The motion of the pendulum, whether it be completely rotatory or merely vibratory in nature, invariably gives rise to heating at the bearings or supporting points. Since the heating effect is only evident when motion is taking place, and since the heat can only make its appearance as the result of some energy process, it would appear that this persistent heat phenomenon is the result of a transformation of the original energy of motion of the pendulum.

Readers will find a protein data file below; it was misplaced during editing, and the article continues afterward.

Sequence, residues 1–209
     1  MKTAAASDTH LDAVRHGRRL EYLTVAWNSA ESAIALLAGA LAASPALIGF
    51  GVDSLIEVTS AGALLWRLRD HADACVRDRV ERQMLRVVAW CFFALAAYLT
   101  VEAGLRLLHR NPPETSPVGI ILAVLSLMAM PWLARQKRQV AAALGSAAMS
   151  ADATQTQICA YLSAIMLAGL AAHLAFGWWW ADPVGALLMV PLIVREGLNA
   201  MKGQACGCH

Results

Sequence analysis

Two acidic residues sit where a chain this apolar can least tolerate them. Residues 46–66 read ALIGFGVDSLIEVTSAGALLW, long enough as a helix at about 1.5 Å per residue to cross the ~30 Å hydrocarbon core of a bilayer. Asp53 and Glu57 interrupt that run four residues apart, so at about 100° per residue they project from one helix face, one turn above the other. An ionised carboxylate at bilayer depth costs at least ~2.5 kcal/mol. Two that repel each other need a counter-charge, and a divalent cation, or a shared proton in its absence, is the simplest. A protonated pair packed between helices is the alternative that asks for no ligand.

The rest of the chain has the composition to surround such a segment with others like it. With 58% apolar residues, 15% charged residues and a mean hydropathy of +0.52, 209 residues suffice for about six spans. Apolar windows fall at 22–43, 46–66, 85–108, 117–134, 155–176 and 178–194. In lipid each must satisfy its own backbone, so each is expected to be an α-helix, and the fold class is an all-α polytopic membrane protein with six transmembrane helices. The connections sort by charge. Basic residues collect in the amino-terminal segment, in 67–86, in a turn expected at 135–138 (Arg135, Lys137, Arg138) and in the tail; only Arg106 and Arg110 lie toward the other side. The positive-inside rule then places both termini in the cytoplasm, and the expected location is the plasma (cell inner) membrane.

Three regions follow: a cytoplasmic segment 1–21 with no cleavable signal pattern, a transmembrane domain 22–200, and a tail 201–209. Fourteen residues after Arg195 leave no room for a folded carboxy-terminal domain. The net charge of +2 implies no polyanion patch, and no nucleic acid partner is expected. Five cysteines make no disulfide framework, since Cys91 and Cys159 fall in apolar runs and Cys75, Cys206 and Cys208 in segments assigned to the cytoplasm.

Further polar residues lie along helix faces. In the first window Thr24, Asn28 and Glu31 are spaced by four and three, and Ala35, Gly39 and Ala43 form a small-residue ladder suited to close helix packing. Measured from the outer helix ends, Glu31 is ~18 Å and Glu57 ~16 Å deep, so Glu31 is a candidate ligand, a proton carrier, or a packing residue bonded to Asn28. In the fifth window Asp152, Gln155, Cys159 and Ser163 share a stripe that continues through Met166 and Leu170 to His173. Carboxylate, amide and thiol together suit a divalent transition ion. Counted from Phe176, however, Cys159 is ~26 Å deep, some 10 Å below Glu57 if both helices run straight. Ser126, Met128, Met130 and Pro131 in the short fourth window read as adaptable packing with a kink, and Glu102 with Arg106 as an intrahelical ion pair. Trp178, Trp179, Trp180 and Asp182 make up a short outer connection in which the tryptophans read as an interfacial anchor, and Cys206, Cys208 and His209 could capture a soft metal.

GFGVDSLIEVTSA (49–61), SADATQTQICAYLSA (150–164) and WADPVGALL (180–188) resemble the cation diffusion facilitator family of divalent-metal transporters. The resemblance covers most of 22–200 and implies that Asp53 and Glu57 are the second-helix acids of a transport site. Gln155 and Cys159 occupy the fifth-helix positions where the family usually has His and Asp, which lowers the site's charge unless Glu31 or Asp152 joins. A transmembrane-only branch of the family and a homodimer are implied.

The general energy conditions of the apparatus already adverted to (-- 21) still hold, and the lubricating oil employed in the apparatus being a.s.sumed to have sufficient capillarity or adhesive power to separate the metallic surfaces of bearings and journals at all velocities, then every action of the spindle on the bearings must be transmitted through the lubricant. The latter is, therefore, strained or distorted against the internal cohesive or viscous forces of its material. The general effect of the rotatory motion of the spindle will be to produce a motion of the material of the lubricant in the field of these incepting forces.